The product’s resulting 3D model, called a 3D facial template, is used to perform identification and verification tasks. “Aureus 3D analyzes one (or more) recorded images of a person’s face and uses its vast knowledge of the human face, with its understanding of environmental factors, to craft a very unique 3D model of that person,” said Ives. “It’s a claim no other software package can make.”

Securlinx CEO Barry Hodge deploys Aureus 3D in his company’s forensics applications. He is currently using the technology with a major law enforcement agency in New Jersey, as well as for AmberVision enabling local law enforcement personnel to indentify missing children. “Our ability to integrate Aureus 3D into portable (laptop) forensic stations for law enforcement agency investigative units is helping them identify images from crime scenes (i.e. convenience store robbery and other places with surveillance cameras) and occasionally from police sketches,” said Hodge. “We extract faces from surveillance videos, present them to Aureus 3D and then through the face matching software, where we are seeing a significant improvement in indentifying unknown suspects.”

“Upgrading to the new Aureus 3D software is easy and virtually seamless; it’s compatible with any facial recognition system, can be added to existing surveillance networks or used as a standalone workstation,” Ives added.

About CyberExtruder

CyberExtruder, based in Newark, N.J., is a leader in identity management technology solutions. Known for reconstruction technology that transforms two-dimensional (2D) images to three-dimensional (3D) models, CyberExtruder’s unique solutions have become an important facial recognition resource for the intelligence, security and law enforcement communities. The Company’s software algorithms automatically create 3D meshes of a human head in real-time from one or more unconstrained images. In the early 2000′s, CyberExtruder’s 3D technology was renowned in the entertainment and video gaming industries and more recently powering avatars and personalized Second Life characters. This legacy of innovation paved the way for Aureus 3Dâ“¢, a software product which improves the matching and identification capabilities of facial recognition systems by taking a subject’s facial image and reconstructing it into a 3D format that factors in varied poses and facial expressions as well as compensating for poor lighting and partial images.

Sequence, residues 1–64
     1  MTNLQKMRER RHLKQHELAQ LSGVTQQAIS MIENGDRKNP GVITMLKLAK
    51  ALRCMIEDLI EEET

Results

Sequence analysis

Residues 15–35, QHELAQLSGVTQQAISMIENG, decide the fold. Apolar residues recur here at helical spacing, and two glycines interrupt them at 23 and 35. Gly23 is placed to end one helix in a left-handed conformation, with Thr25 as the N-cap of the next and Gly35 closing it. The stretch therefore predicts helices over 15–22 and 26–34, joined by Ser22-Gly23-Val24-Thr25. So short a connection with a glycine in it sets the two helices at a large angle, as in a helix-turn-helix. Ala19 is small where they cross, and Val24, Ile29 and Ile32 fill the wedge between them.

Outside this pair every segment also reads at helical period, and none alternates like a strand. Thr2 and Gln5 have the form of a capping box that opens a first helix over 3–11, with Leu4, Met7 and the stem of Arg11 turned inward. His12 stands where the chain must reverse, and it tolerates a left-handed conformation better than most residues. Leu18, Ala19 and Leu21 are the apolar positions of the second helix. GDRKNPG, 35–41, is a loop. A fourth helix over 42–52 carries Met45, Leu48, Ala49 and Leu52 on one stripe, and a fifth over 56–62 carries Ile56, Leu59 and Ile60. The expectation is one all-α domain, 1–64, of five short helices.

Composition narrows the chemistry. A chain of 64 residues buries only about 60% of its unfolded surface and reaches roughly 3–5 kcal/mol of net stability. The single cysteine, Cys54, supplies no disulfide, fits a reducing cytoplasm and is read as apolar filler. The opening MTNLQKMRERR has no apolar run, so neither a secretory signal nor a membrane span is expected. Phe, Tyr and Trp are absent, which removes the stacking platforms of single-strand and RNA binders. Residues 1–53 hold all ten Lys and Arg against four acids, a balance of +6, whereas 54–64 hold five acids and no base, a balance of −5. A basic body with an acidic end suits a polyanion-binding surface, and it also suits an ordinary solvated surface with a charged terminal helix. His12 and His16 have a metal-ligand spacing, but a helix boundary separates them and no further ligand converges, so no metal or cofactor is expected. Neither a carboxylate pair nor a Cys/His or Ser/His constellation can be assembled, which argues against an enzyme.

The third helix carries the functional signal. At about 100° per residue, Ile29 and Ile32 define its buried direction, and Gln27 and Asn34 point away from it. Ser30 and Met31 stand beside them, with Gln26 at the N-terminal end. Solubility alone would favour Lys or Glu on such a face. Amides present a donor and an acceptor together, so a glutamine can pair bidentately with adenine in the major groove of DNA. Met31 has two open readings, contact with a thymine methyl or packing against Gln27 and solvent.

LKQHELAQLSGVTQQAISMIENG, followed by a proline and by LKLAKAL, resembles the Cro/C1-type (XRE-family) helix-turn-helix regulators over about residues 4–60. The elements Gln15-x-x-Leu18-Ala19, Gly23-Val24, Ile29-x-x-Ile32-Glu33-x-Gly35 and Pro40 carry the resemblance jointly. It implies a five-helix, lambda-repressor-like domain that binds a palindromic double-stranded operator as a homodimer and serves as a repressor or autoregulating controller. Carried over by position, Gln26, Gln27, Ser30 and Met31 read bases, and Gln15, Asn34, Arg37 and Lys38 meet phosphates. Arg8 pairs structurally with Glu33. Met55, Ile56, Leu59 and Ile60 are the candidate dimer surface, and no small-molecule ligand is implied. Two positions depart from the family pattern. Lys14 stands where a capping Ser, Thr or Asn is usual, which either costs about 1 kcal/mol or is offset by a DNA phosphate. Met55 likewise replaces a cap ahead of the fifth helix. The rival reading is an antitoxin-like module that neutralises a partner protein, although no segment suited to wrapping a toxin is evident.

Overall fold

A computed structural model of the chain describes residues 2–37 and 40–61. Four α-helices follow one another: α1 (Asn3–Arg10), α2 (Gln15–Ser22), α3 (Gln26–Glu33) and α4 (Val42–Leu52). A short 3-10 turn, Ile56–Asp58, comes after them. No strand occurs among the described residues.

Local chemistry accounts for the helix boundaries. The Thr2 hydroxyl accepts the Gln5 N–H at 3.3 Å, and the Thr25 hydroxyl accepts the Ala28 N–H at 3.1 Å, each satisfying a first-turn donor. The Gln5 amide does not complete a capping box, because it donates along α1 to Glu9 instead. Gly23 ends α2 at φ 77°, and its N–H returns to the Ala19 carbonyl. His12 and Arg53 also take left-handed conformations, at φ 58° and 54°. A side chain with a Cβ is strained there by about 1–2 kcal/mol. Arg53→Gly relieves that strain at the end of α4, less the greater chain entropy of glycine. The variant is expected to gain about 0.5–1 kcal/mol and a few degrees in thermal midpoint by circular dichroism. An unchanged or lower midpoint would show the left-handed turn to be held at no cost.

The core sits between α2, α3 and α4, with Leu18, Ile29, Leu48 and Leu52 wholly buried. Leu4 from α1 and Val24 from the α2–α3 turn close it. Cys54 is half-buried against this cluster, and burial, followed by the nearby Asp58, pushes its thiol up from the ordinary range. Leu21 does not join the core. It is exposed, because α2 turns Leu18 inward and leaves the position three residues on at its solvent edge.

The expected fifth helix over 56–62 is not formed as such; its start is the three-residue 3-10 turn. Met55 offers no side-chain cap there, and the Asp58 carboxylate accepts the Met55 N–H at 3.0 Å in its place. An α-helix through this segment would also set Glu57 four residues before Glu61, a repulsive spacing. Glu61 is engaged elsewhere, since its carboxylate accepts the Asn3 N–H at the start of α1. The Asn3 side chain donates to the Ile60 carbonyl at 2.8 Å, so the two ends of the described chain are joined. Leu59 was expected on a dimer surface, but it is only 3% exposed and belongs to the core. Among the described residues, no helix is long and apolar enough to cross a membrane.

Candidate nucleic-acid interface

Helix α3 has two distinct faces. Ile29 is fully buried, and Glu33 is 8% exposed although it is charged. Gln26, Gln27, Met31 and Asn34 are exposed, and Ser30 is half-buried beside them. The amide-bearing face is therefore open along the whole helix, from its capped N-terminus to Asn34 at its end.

The Company has secured four U.S. Patents for methods to generate a 3D representation from a 2D image, and secured similar patents from the European Patent Organization to extend the company’s intellectual rights protection into European Union and Pacific Rim countries. CyberExtruder currently holds research and development contracts with multiple U.S. government agencies to develop biometric software for improving identity management.

For more information about CyberExtruder visit http://www.cyberextruder.com.

For more information contact:

Ivy Cohen Corporate Communications, Inc.

Ivy Cohen, (212) 399-0026 or ivy(at)ivycohen(dot)com

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For the original version on PRWeb visit: http://www.prweb.com/releases/prweb2011/7/prweb8623215.htm


Source: prweb